Saturday, December 19, 2009

I Can See Alaska from my Front Porch!

At least it seems like it.

My earliest visual memory is a snow taller than I am that blocks out the windows. Dark and ominous, it crowds out the sky. It's not the puffy white stuff that southern children know for a fleeting few minutes some winters. It's actually the winter of 1951 in Lafayette, Indiana, where my dad is a grad student and my mother survives in a converted Quonset hut with two kids under four.

Years later I realized that at nearly four I was pretty short and the snow on the Indiana plains that had drifted against our windows was probably only two feet deep, but from my vantage point seemed like a smothering wall of gray. Freud would probably say that's the source of my dislike for snow, and maybe he would be right.

Unless you live on a deserted tropical island (and good for you!) without TV, you know that the east coast is being hammered by a freaky winter storm. It looks like 8 - 10 inches on the porch railings, but the weather-guessers are predicting an additional 4 inches this afternoon. It's beautiful in a way, but has that smothering feeling that I remember from childhood.

I think southerners appreciate snow better when we get two quick inches that last until lunchtime, and then we can go back to normal life. This is not that snow. It will be a couple of days before a plow reaches the nearby main street and we will have to clear our own path to it. This is over-exertion, heart attack snow! This is definitely stay inside snow - altho the neighborhood kids will probably be out at first light to begin enjoying it!

On a brighter side, it will our first white Christmas in 40 years or more. (At that rate, it can also be my last!) Today will be the perfect day for baking cookies and maybe even bread. No shopping, no hurrying around. Just a snuggle-down day with the fire, a good book, and the man I love. What do you think about that, Freud?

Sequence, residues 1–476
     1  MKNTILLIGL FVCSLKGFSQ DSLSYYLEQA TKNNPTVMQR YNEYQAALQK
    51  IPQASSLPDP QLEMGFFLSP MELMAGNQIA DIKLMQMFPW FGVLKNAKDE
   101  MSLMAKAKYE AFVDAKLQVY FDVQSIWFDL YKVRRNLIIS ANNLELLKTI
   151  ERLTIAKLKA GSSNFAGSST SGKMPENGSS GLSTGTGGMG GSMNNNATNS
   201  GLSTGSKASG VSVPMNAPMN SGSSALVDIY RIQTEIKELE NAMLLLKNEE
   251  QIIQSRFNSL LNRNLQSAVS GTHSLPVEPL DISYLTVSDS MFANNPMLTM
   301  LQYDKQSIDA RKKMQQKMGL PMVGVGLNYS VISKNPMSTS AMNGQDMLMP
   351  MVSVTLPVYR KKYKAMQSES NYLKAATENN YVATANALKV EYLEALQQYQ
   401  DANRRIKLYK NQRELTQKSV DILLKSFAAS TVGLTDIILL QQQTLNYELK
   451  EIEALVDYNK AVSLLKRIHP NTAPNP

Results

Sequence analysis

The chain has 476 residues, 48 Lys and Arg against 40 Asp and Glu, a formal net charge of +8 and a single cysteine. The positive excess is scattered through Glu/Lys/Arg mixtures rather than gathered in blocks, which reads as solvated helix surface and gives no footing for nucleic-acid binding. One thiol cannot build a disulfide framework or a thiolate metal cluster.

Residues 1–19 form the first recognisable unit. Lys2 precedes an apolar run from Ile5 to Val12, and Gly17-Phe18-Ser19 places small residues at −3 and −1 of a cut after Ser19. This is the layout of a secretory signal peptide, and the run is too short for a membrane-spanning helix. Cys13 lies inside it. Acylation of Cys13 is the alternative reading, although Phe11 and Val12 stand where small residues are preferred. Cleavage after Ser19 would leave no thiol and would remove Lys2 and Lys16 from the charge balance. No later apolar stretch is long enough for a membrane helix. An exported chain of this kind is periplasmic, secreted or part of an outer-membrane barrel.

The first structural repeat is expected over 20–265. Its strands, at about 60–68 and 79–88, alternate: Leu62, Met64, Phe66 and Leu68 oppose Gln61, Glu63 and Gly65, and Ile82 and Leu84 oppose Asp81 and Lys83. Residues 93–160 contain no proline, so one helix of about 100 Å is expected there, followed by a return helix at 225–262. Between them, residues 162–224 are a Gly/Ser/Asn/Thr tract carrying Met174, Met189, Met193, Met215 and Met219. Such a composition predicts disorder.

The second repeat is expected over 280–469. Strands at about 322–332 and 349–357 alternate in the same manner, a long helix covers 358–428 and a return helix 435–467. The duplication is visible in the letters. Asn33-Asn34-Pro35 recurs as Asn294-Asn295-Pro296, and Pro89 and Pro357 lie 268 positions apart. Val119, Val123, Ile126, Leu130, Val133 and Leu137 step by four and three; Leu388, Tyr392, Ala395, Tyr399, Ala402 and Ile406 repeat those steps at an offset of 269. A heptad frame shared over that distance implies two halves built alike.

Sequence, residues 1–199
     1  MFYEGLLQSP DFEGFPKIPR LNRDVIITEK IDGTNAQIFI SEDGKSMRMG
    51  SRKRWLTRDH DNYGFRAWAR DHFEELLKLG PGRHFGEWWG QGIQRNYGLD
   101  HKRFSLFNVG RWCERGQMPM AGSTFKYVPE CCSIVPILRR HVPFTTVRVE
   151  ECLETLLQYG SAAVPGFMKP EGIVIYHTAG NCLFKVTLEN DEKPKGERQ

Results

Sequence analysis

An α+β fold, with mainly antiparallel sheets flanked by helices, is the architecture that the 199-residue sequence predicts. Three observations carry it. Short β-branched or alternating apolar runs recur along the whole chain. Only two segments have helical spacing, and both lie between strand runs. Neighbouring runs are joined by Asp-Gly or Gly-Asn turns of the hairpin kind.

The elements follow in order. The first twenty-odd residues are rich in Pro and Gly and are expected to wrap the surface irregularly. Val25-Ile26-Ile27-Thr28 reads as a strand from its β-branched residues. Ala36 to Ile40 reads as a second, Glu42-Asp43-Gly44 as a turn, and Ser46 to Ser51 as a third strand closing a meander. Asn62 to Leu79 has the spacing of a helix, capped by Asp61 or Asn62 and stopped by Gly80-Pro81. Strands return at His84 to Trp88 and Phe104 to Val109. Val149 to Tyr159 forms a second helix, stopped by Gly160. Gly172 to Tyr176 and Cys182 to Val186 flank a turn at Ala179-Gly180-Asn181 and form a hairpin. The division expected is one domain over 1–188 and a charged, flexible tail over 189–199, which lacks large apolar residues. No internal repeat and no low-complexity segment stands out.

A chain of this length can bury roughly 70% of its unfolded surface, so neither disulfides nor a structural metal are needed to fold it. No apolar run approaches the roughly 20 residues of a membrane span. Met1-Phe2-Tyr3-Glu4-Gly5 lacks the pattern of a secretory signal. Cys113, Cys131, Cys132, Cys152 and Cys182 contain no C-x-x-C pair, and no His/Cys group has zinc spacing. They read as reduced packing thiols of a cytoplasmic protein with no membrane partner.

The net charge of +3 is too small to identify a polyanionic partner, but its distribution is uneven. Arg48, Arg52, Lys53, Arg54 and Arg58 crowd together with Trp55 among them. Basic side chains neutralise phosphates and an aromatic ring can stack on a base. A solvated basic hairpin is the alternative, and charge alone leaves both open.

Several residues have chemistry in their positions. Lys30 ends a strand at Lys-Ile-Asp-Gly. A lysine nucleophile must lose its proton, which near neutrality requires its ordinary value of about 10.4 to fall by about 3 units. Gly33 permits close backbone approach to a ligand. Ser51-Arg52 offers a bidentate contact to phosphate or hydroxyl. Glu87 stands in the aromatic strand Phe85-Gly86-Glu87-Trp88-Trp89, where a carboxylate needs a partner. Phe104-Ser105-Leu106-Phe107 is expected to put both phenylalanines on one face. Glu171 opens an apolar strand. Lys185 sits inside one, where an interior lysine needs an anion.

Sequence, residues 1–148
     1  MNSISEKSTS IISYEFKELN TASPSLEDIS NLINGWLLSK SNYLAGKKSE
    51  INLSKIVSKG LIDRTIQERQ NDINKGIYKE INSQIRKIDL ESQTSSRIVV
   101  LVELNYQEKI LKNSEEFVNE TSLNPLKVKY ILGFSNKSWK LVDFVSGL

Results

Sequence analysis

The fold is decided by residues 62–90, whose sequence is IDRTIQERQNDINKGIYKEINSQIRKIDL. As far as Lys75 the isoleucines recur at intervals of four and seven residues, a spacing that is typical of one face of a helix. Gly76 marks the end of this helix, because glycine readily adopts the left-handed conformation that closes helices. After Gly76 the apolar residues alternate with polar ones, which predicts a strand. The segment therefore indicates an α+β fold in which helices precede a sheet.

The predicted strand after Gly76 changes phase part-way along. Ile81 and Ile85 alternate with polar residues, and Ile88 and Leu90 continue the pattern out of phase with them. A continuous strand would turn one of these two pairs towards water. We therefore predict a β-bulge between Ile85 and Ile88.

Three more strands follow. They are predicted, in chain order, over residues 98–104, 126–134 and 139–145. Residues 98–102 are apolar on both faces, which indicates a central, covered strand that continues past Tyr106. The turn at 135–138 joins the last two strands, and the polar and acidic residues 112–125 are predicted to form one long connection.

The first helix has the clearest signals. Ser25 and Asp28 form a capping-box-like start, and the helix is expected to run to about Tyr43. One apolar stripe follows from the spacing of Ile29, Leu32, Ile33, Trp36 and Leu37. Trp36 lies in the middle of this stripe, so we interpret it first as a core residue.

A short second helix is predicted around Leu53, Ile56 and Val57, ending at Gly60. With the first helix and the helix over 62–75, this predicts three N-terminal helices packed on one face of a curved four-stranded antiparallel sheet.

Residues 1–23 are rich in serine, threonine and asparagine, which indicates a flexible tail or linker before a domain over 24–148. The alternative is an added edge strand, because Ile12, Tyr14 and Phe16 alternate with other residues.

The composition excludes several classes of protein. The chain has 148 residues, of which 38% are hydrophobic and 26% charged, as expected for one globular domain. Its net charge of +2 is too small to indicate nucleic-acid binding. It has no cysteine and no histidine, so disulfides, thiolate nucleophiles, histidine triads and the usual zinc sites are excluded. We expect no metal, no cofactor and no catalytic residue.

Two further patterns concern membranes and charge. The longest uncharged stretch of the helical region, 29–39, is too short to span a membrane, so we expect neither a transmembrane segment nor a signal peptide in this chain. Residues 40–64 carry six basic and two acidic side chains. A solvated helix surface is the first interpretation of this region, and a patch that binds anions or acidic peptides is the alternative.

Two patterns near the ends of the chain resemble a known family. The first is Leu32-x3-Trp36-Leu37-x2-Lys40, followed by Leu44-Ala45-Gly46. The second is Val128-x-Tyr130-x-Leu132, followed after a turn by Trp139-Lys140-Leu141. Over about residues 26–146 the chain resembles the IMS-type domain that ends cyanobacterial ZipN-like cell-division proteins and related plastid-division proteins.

Friday, December 18, 2009

Water, Water Everywhere!

It's been very quiet in the garden for the past three weeks... because I cannot get there! After three years of official drought and one year that was "normal" rainfall-wise, 2009 has decided to be a wet year here in Central Virginia. I can't tell you how much we have gotten in the past three weeks - because I cannot walk into the yard (seriously!) to see the rain gauge. In November we had 8 inches before we left for Thanksgiving.

It rained while we were gone, but I was able to cut the front yard (which slopes more, so had more runoff), but I still cannot cut the back. In fact, we have had so much rain that water is still standing - after three, count them, three weeks. We have gone to the shed a couple of times where there was just no other choice, but we have left little foot sized ponds with every step! Every time it almost dries out, we get more rain. Tonight we are supposed to get freezing rain and snow. Normally snow is a good thing (for the garden) because it melts slowly and the ground is able to absorb a bigger percentage (not much runoff), but I am guessing that we are wet all the way thru the good dirt and down to the clay, so now I am worried about root rot!

Most plants can go two to three weeks without watering - they look pretty bad, but they sacrifice their leaves to save their structure and with a bit of water come right back. But wet ground is a "whole nuther" thing. Plants can only stand in water so long before they, too, drown. They need oxygen exchange in their roots and if the ground is just too wet, they cannot get it. The danger in my garden is exactly that. I have built up about eight inches of good rich humusy growing dirt over the native clay. Normally water fills in that eight inches of good dirt and then evaporates off. In these conditions it can't evaporate enough and the water may be standing underground on top of that clay causing root rot. Unfortunately, I won't know until spring.

So, all I can do is hope for sunshine soon and hope that most things have sufficient root structure to hold them thru this "crisis". So all of the photos are from prettier days! The one day I was able to get out to check on the pond, frogger was still there, so thought you might like to meet him. He still looks the same, only larger! Must have been a good summer for bugs.